Looking at Arden Childrens Theater in words and sketch
A theater critic chooses his best theatrical works of the last year
In adapting THE BLUEST EYE, Lydia R. Diamond trusts Toni Morrison.
The audience gather together on two adjacent hill sides and in the middle is a stretch of grass,
In a casting coup, Anthony Heald has come to Philadelphia to play Herbie in GYPSY at Arden Theatre.
Photographer John Donges was at a recent run-through of RODEO, a fun family friendly play by Chicago writer Philip Dawkins.
Beyond being entertaining and thought-provoking, Branden Jacobs-Jenkins’s AN OCTOROON is an experience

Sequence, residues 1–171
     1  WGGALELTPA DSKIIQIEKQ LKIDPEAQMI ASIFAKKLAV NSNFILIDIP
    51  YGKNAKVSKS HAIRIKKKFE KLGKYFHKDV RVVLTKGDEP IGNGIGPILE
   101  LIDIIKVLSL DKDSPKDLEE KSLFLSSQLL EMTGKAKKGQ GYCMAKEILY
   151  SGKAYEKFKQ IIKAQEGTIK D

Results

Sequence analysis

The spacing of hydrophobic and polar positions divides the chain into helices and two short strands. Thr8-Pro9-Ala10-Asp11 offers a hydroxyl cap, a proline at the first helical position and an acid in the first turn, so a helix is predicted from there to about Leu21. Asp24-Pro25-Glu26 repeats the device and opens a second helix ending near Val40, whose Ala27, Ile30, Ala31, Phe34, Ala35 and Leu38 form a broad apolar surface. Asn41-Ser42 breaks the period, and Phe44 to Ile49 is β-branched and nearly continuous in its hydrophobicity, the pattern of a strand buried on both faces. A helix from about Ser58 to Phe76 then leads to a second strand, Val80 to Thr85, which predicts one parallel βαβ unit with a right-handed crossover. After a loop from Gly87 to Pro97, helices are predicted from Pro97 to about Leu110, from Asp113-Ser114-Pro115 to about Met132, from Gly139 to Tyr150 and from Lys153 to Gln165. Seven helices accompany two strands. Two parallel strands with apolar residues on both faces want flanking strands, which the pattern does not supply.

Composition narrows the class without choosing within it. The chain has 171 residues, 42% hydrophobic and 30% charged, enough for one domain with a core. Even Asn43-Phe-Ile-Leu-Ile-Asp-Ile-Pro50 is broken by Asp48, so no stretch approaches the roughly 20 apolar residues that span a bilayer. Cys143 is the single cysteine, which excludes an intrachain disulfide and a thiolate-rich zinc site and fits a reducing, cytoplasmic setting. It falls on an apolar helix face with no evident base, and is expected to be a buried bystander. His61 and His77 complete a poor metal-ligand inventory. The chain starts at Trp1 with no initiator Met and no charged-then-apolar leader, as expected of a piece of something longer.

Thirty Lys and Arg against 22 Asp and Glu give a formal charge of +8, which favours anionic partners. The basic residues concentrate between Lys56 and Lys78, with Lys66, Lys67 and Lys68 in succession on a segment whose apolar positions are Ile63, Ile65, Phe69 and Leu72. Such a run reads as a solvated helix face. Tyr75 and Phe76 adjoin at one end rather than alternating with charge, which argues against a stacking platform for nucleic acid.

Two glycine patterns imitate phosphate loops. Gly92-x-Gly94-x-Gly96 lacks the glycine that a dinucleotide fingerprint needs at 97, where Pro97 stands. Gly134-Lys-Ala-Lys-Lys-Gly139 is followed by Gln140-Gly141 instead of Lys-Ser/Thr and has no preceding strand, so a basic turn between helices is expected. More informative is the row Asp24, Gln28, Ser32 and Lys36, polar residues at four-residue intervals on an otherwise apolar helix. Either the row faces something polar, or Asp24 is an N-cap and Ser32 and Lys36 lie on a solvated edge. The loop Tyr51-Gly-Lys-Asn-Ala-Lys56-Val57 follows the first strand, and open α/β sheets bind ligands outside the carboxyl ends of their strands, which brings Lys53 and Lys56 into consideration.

Kenneth Lonergan’s new play explores the many levels of trust.
Though Bruce Graham’s play is set on the eve of a potential Philadelphia sports triumph it chronicles the long-suffering, patiently impatient diehard who supports local professional teams.
In 2015, Phindie published over 550 pieces on local theater, dance, and other arts. W look back at the pieces which you liked the most.
The LAFFERTY’S WAKE ensemble is quick and amiable in Susan Turlish’s gentle comic story,
A curiously performed version of Arthur Kopit’s unnecessary rearranging and cheapening of The Philadelphia Story.
Death, as experienced in director James Ijames’s comic yet movingly evocative production of Sarah Ruhl’s play, is a continuation of life.
Seeing a naturalistic play by one of the masters of the form, Arthur Miller, with a cast and set that are as realistic and as authentically moving as the text, is a rarity and a treat.